In 1984, during the annual US government meteor search mission, a team of scientists in Antarctica found a meteorite that broke away from the surface of Mars about 15 million years ago. The meteor was named Allan Hills 84001 (ALH84001). In 1996, structures were found in ALH84001 that could be the remains of terrestrial nanobacteria. The announcement, published by NASA's David McKay in Science magazine, made headlines around the world, and President Bill Clinton made an official statement on TV, marking the event and expressing his support for the aggressive plan for robotic exploration of Mars. As a result, several tests were carried out - and amino acids and polycyclic aromatic hydrocarbons were found in ALH84001.

However, experts today agree that these substances are not an accurate sign of life and may have been formed abiotically from organic molecules or due to pollution from contact with Arctic ice. The debate on this issue continues to this day, but recent advances in such research have made this find interesting again.

The proof of life announcement on ALH84001 sparked a wave of support for the panspermia hypothesis. People began to speculate about the possibility of the emergence of life on Mars and its transfer to Earth on the debris of the planet that broke off after serious collisions (an example of ballistic panspermia).

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In April 2001, at the 46th Annual Meeting of the International Society for Optical Engineering (SPIE) in San Diego, California, Indian and British researchers led by Chandra Wickramasinghe presented stratospheric air samples obtained by the Space Research Organization of India, which contained clots of living cells. In response to this statement, NASA's Ames Research Center expressed doubts that living cells could be present at such altitudes, but noted that some microbes could dormant for millions of years, which could probably be enough for interplanetary travel within the solar system. …

In May 2001, geologist Bruno D'Argenio and molecular biologist Giuseppe Geraci of the University of Naples announced the discovery of an extraterrestrial bacterium inside a meteorite about 4.5 billion years old. The researchers argued that the bacteria contained within the crystal structure of the minerals came to life in the cultured environment. They also stated that the bacteria possessed DNA unlike anything on Earth and survived after the meteorite was sterilized at high temperature and cleaned with alcohol. The bacteria were eventually identified as related to modern hay bacteria (Bacillus subtilis) and Bacillus pumilus, but this appears to be a different strain.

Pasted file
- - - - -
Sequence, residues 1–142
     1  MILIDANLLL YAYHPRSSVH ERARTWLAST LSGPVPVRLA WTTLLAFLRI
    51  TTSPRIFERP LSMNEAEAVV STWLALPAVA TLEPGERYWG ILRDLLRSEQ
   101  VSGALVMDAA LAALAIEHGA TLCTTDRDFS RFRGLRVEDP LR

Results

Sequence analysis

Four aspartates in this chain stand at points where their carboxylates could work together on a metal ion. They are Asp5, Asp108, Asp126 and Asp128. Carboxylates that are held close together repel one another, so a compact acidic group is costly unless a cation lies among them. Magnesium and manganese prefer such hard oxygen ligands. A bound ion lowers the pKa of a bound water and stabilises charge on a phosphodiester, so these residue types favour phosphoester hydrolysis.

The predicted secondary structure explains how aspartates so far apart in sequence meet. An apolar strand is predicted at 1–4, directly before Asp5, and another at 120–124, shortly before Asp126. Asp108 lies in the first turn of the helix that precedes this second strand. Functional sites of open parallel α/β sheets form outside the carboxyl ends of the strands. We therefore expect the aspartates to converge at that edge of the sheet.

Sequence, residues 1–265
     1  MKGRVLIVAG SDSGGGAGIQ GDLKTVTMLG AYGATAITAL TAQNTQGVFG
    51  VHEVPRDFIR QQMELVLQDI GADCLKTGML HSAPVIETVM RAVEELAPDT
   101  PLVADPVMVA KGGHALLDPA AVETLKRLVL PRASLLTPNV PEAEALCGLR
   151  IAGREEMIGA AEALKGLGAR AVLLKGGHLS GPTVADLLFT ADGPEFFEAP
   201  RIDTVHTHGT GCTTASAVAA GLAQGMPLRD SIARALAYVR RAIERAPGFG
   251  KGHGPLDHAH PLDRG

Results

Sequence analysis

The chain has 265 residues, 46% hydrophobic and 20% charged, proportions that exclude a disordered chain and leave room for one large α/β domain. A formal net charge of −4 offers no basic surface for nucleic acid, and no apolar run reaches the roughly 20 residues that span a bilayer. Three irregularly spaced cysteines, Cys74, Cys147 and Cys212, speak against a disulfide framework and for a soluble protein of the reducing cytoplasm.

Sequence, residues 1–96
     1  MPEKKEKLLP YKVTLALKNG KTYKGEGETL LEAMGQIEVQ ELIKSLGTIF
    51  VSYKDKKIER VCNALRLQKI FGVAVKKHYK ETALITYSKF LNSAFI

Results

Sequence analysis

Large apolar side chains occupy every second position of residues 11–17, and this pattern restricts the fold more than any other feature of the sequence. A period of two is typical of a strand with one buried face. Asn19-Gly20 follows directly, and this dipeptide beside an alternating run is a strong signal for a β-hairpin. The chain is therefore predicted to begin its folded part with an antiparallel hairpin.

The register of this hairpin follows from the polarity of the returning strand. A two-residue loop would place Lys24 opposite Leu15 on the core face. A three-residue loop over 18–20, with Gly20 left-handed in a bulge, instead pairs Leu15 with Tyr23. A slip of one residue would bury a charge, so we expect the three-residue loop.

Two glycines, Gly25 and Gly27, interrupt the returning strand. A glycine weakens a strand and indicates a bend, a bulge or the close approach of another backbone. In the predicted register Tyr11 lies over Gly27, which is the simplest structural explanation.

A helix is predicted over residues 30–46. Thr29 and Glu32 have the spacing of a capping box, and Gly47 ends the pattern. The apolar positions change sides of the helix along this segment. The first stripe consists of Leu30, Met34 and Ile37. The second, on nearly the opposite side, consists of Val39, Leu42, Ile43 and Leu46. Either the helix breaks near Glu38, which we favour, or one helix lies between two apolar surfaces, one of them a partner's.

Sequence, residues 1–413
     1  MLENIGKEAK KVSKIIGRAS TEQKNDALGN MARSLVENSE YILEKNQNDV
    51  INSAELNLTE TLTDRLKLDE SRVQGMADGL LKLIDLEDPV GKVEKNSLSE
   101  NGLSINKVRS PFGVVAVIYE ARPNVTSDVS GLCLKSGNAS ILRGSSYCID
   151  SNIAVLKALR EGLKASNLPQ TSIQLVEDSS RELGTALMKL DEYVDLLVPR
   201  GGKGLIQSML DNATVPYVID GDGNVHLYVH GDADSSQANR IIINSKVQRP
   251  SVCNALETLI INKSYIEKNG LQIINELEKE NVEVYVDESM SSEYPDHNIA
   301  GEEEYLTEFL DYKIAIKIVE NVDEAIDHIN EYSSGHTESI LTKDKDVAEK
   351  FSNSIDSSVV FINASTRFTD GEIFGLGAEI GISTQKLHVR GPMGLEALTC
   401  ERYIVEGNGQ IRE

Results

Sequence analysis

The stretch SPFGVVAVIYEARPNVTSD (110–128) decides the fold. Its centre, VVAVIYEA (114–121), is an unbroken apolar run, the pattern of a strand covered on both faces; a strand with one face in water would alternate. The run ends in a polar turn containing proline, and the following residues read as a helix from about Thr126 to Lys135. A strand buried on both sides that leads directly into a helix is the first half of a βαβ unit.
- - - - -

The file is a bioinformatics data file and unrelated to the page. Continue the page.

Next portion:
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In April 2008, world-renowned British astrophysicist Stephen Hawking spoke about panspermia at the Why We Should Go Into Space lecture as part of a series of lectures at George Washington University to mark NASA's 50th anniversary.

In April 2009, Hawking also discussed the possibility of building a human station on another planet and suggested why extraterrestrial life might not contact the human race during the Origins Symposium at Arizona State University. The physicist also said that people can find during space exploration - like alien life as a result of panspermia, according to which life in the form of DNA particles can be transmitted through space to habitable places. Problems and perspectives of the panspermia hypothesis

A controversial scientific theory, panspermia receives either public support, indifference or criticism. For example, religious groups are critical of this hypothesis. If the theory can be proved, then the very foundations of such religions will be seriously shaken or abolished altogether. The scientific community generally supports this theory.Again, if it turns out to be correct, then this theory could change the way evolutionary biology is studied, as it could assume that evolution into higher forms of life is genetically programmed, and this, in turn, runs counter to Darwin's theory.

Like many theories, panspermia has supporters and opponents in the scientific community. There are doubts about the survival of life upon entering the atmosphere after being in space for thousands of years, where it was exposed to cosmic radiation. However, there is no evidence that this is not possible. And even if it turns out that life came to Earth from space, modern science has no information about how it originated there.